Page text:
Wednesday December 06, 2017
How Trump's Jerusalem move takes U.S. 'out of the game' in Middle East peace talks
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- This is how one survivor described the Montreal Massacre the day after the shooting
- How Trump's Jerusalem move takes U.S. 'out of the game' in Middle East peace talks
- December 6, 2017 episode transcript
- Full Episode
Daniel Kurtzer says he doesn't understand why U.S. President Donald Trump would throw a monkey wrench into the Middle East peace process by naming Jerusalem as Israel's capital.
In making the announcement, Trump called the decision "very fresh thinking" and vowed to begin the process of moving the U.S. Embassy from Tel Aviv to Jerusalem.
Jerusalem's status is one of the most emotionally charged matters separating Israelis and Palestinians. Both sides stake claims. Israel captured east Jerusalem — claimed by Palestinians for the capital of a future independent state — from Jordan in 1967 and annexed it, in a move not internationally recognized.
By taking a side, Trump has undermined his son-in-law Jared Kushner's efforts to negotiate peace in the region, says Kurtzer, the former U.S. ambassador to Israel under president George W. Bush.
Here is part of his discussion with As It Happens guest host Jim Brown.
We just heard President Trump say "old challenges demand new approaches." Is declaring Jerusalem the capital of Israel a new approach?
No, it's actually the equivalent of an own goal. The peace process has been moribund. It wasn't going anywhere when Trump took office.
He raised expectations by saying the United States was going to make "the ultimate deal." And now he has basically taken the United States out of the game by siding with the Israeli government, offering nothing to the Palestinians on the single most sensitive and complex issue in the peace process. Mr. Trump can no longer claim the role as an honest broker.
What do you make of the language that he used today in that speech?
This was a speech devoted entirely to two constituencies only — his so-called domestic base, including some significant donors. And Prime Minister Benjamin Netanyahu.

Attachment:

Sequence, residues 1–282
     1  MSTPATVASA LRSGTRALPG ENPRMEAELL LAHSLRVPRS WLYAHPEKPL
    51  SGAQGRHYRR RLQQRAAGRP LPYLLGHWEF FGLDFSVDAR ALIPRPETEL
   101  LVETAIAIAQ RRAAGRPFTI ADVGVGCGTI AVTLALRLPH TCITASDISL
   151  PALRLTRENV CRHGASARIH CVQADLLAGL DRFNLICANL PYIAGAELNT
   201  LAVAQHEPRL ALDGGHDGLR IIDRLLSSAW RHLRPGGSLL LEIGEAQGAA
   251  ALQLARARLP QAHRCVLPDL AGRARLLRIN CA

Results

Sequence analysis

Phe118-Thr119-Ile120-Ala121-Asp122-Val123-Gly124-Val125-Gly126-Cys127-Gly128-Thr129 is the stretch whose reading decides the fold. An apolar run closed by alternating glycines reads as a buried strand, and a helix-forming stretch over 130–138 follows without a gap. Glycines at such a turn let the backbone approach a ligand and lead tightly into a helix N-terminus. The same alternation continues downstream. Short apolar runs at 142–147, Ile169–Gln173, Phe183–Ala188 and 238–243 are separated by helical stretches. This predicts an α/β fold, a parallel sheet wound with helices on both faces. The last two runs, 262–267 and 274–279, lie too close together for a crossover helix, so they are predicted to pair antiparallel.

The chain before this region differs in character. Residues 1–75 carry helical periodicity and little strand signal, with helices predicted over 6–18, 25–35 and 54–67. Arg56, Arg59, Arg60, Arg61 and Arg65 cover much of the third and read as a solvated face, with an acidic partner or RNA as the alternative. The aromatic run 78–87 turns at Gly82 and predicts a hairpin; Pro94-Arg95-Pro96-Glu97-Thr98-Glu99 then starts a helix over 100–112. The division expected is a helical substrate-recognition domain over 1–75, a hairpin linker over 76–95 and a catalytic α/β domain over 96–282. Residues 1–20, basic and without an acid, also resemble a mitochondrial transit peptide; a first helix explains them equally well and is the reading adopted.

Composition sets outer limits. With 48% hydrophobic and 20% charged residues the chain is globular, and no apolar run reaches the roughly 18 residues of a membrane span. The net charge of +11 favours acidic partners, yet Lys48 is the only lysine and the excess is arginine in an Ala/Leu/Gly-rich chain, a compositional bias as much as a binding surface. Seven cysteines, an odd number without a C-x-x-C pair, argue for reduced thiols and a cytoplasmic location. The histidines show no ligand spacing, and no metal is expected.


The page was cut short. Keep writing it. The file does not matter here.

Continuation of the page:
There's been a lot of pushback from U.S. allies in the Muslim world today. Even the Pope is opposed to what the president was suggesting today. Why do you think he went ahead with it?
I think he's one of these people who pushes back when people tell him not to do things. And this is a case where a lot of people told him not to do it. And he then listened to a select group of advisers who said to him, "To hell with it, let's just do what we want to do."
The reality is we all do business in Jerusalem. When I was ambassador for four years, all of my meetings with government officials were up in Jerusalem and we travelled there almost every day. So it's a fiction to believe that we are somehow trying to wrest Jerusalem from Israel's hands.
But given the nature of the issue and the fact that Israel itself agreed that it was a subject for negotiations, why would ... the so-called honest broker wade into this in the way the president did? I just don't get it.
This is not a new promise from U.S. presidents seeking election, and even after they've been elected. Bill Clinton promised to move the embassy to Jerusalem. The president you served, George W. Bush, made the same promise. But it's never been delivered on.
Each candidate has done what he and she have thought necessary to win an election and then when they get behind a desk in the Oval Office, they've taken different decisions.
Why has it been so difficult to turn this promise into policy?
Presidents have realized that you don't fulfil the promise to one side in a situation where you're trying to mediate between two sides.
Does today's announcement prejudice those peace talks in any way?
As much as the president may want to believe he's done something useful and positive, he's actually shot himself and his chief negotiator and son-in-law [Jared Kushner] right in the foot and they're not going to be able to proceed in any manner during the course of this administration.
I think the U.S. role has been essentially sidelined and the question is whether or not someone else can fill that vacuum. So far, there haven't been many candidates for that.
As this is unfolding, the U.S. ambassador to Israel was quite a controversial pick — David Friedman, a former bankruptcy lawyer who's been very supportive of the settlement movement in Israel. How concerning is that for you given what the president was talking about today?
I took the really quite unprecedented step when Mr. Friedman was nominated to write an op-ed against the appointment for exactly these reasons. His activities during his pre-ambassadorial days were absolutely contrary to American policy, not only supporting settlements, but actively funding them.
And he has made a number of statements since entering office that have been equally problematic, using the phrase ... "the alleged occupation."
The whole tone and tenor of this administration has been very much anti-peace process.
This interview transcript has been edited for length and clarity. For more on this story, listen to our full interview with Daniel Kurtzer.